Scent from heaven

For millennia, oud had spiritual associations for many Asian cultures, which believed that its smoke aided contemplation. It is mentioned in the world’s oldest written texts - the Sanskrit Vedas - and appears in the Bible, the Torah and Buddhist and Islamic scriptures.


It is believed to have come to the Middle East with Chinese traders following the Silk Road – and, today, it is the Chinese who are again having the biggest impact on the market.


According to Mahaffey, Chinese have become major players in the oud business over the past 15 years, and sales worldwide are booming.


"It started recently, because there’s more and more rich Chinese and it’s really fashionable now for them. They buy all the highest quality and so the price is rising very, very fast - every year it can rise by 20 percent," says Mahaffey.


Many Chinese use the precious wood for decorative purposes, for feng shui and also as traditional Chinese medicine, he explains.


"They burn it also, but nowadays because of the value, the rising price, the skyrocketing price, they also invest in it. Like we can invest, for example, in a painting, they invest in agarwood."


People’s reluctance to part with something that is as good an investment as kynam is an obstacle Mahaffey constantly encounters when trying to secure the precious wood for his customers.













Mahaffey has more than 200 agarwood contacts - suppliers, growers, and customers in Southeast Asia. One of his most trusted in Thailand is Witsawa Sripetkla, who started out harvesting wild oud, but has changed to plantation business.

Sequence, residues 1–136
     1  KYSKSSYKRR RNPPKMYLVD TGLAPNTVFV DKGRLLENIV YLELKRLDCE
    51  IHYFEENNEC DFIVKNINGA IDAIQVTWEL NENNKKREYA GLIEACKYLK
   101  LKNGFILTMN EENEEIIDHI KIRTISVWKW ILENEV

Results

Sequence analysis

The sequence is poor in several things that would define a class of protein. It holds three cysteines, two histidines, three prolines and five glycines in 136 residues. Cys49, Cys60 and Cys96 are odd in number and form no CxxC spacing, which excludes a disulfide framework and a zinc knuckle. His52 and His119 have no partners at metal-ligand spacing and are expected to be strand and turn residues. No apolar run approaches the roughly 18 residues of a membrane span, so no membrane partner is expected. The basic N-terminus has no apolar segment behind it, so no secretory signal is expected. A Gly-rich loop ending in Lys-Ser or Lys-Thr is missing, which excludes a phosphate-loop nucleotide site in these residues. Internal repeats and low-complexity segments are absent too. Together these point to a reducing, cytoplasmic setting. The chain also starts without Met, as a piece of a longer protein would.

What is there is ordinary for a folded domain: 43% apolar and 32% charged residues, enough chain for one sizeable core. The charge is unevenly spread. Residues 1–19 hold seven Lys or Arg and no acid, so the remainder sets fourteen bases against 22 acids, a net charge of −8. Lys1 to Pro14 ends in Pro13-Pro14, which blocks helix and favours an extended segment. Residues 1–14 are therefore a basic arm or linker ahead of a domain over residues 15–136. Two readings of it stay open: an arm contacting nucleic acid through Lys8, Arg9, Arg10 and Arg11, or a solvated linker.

As wild harvesting has been banned in Thailand and other Southeast Asian countries, there has been a boom in plantations growing cultivated agarwood. The trunks and main branches of aquilaria trees are induced into generating their precious resin through chemical injections.


Generally, plantation agarwood is harvested when the trees are between five and 10 years old. Yet, for the very best quality of oud, it can take up to a century before it is ready to be harvest.


"It takes time. You cannot hurry kynam and you can’t say, ‘OK, next month I want the kynam’. It’s not possible. It’s not like buying a Ferrari. It’s easier to buy a Ferrari, as long as you have the money. You can just go to the shop and say ‘I want this one’. For kynam, it’s different."

Alan  Mahaffey


Agarwood plantation: Sustainable oud

How to 'infect' a tree

"If we harvest the tree from nature, it’s a waste to cut it down only for a few pieces," Witsawa says. "So I have started doing plantation business, first because of money and second to save natural agarwood trees in the forest."


When the tree sounds hollow, it’s time to harvest the tree, explains Witsawa. But after the agarwood has been harvested, it still needs to be separated from the healthy wood around it.

How to separate agarwood from the tree

Many believe that plantation chips tend not to be the best quality because the wood is harvested after a few years, meaning the resin is less concentrated than it is in the wild. It varies from country to country how long it takes for high-quality oud to form, but Asia Plantation Capital, who are one one of the largest oud plantation owners, claim that eight years is enough to cultivate decent oud.


Yet, whatever the quality of cultivated oud, in the near future it may be the only option available to those who aren’t super-rich.

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